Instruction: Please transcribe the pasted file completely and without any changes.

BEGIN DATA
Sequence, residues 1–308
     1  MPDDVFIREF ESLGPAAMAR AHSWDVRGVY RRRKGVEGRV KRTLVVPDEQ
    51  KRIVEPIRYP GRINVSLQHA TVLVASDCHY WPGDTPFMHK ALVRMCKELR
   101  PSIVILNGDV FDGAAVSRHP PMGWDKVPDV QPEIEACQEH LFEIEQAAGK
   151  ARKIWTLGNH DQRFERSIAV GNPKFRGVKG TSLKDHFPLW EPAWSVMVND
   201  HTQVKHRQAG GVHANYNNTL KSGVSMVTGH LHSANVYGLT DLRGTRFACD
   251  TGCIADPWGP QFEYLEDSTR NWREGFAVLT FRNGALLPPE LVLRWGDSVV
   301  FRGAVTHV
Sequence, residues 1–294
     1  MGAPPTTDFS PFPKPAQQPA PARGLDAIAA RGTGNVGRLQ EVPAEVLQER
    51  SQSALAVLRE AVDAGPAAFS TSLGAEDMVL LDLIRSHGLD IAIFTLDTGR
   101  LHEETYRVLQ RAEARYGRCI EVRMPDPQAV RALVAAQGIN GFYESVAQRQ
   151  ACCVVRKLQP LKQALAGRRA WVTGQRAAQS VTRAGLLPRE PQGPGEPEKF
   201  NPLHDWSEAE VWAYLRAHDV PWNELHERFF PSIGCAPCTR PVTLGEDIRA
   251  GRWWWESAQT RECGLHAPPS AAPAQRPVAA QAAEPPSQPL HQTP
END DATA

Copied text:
Sequence, residues 1–308
     1  MPDDVFIREF ESLGPAAMAR AHSWDVRGVY RRRKGVEGRV KRTLVVPDEQ
    51  KRIVEPIRYP GRINVSLQHA TVLVASDCHY WPGDTPFMHK ALVRMCKELR
   101  PSIVILNGDV FDGAAVSRHP PMGWDKVPDV QPEIEACQEH LFEIEQAAGK
   151  ARKIWTLGNH DQRFERSIAV GNPKFRGVKG TSLKDHFPLW EPAWSVMVND
   201  HTQVKHRQAG GVHANYNNTL KSGVSMVTGH LHSANVYGLT DLRGTRFACD
   251  TGCIADPWGP QFEYLEDSTR NWREGFAVLT FRNGALLPPE LVLRWGDSVV
   301  FRGAVTHV
Sequence, residues 1–294
     1  MGAPPTTDFS PFPKPAQQPA PARGLDAIAA RGTGNVGRLQ EVPAEVLQER
    51  SQSALAVLRE AVDAGPAAFS TSLGAEDMVL LDLIRSHGLD IAIFTLDTGR
   101  LHEETYRVLQ RAEARYGRCI EVRMPDPQAV RALVAAQGIN GFYESVAQRQ
   151  ACCVVRKLQP LKQALAGRRA WVTGQRAAQS VTRAGLLPRE PQGPGEPEKF
   201  NPLHDWSEAE VWAYLRAHDV PWNELHERFF PSIGCAPCTR PVTLGEDIRA
   251  GRWWWESAQT RECGLHAPPS AAPAQRPVAA QAAEPPSQPL HQTP